According to Whitefield, the only type of faith that pleased God was heartfelt. Wealthy whites worried over the presence of this large class of laborers and the relative freedom they enjoyed, as well as the alliance that black and white servants had forged in the course of the rebellion.
The Great Awakening provided a language of individualism, reinforced in print culture, which reappeared in the call for independence.
British towns located on the border between New England and New France experienced intermittent raiding by French-allied Native Americans.
Shopping was more difficult, most of the farms and plantations were therefore self-sufficient.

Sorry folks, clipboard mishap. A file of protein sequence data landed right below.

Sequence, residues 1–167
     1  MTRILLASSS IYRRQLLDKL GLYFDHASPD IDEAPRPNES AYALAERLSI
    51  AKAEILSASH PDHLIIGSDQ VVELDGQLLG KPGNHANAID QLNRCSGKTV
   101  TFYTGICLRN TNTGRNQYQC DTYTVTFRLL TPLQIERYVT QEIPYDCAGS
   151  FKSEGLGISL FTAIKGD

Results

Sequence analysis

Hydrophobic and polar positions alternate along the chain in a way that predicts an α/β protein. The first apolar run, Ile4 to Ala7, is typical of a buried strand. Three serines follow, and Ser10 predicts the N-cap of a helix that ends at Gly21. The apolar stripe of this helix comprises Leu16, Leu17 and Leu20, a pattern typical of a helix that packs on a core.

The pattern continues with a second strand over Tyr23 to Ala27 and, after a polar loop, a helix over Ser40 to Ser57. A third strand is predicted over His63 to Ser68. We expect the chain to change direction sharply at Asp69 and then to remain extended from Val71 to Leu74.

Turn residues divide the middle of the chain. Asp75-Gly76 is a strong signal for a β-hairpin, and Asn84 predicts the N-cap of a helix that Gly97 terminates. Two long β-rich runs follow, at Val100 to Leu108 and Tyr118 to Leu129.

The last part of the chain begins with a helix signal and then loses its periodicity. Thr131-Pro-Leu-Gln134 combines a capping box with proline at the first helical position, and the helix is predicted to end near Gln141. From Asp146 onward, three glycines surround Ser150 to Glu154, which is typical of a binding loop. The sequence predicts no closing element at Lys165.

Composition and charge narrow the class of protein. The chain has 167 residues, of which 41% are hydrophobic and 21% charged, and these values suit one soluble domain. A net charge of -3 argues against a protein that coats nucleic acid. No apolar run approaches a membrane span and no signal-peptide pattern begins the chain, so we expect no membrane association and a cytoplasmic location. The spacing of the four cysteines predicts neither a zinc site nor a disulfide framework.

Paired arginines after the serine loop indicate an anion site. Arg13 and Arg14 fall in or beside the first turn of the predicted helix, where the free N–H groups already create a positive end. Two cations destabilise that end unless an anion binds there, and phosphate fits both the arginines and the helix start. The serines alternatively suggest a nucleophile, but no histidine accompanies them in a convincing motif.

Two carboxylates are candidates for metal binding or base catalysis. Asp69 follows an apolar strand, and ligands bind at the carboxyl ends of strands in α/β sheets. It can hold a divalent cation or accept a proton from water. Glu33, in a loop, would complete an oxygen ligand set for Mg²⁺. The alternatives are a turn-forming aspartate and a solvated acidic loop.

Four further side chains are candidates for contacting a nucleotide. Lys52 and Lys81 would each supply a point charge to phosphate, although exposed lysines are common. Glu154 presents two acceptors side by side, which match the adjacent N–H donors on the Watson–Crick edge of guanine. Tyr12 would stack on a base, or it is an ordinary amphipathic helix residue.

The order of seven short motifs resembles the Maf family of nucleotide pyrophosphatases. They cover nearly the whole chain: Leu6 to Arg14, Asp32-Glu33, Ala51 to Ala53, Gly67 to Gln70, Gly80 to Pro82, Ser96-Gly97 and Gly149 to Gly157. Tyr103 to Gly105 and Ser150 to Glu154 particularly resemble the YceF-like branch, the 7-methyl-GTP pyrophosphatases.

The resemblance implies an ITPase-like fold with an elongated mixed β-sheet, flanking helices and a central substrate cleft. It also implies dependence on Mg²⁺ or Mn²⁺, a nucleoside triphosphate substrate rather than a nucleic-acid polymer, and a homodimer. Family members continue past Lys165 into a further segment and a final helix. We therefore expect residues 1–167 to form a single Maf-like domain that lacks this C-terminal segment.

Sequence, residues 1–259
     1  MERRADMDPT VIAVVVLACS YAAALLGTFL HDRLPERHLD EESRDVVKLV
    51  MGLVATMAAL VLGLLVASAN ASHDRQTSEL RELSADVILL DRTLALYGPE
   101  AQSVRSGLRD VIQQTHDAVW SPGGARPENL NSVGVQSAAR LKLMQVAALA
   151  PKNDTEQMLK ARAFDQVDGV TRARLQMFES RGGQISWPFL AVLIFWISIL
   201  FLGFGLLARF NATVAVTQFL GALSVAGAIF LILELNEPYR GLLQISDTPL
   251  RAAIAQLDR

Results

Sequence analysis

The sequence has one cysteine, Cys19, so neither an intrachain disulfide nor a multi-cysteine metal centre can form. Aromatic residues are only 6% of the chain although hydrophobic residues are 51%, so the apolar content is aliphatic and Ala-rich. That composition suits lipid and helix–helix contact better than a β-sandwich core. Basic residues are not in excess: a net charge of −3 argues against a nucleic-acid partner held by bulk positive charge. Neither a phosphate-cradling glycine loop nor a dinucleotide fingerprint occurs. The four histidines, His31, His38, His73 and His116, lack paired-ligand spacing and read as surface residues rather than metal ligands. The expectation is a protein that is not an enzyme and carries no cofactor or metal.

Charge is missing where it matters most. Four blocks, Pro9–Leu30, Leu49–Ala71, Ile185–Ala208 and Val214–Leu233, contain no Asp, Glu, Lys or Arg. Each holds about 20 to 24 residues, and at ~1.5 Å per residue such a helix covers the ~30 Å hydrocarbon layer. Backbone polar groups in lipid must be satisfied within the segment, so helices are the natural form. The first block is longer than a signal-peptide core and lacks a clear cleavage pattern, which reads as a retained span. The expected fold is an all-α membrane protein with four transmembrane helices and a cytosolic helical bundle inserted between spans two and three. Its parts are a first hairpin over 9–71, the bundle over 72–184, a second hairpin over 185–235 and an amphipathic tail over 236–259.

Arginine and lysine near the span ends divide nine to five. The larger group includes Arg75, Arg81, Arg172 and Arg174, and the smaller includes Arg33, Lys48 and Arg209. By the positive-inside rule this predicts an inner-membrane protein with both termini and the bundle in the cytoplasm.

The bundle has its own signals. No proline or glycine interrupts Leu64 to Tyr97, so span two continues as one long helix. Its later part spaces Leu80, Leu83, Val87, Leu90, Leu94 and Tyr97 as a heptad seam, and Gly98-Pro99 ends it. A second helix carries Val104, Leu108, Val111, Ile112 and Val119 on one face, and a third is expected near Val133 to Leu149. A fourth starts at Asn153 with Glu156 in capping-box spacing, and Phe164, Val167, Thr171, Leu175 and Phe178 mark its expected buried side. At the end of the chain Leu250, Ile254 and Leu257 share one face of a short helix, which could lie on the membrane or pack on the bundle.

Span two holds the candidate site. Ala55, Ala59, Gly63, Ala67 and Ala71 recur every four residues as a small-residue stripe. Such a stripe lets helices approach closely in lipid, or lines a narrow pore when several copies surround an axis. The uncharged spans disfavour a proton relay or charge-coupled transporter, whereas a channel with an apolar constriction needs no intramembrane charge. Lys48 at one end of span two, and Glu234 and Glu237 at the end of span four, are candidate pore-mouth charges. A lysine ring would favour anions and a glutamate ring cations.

Concurrently, restrictions were placed on finished goods. Reference Material I.
During the 17th and 18th centuries, different 'classes' of people were referred to as lower sort, middle sort, and the upper sort, also known as the gentry. Because they were responsible for managing household affairs, gentry women needed to read, write, and have mathematical skills. During busy times, they might work 16 hours a day for six days a week.
Gentry women were not expected to care for animals and make basic items for the house, but they were, essentially, business managers. While life was not all leisure, gentry men frequently played musical instruments, studied classic languages and literature, and devoted themselves to the natural sciences.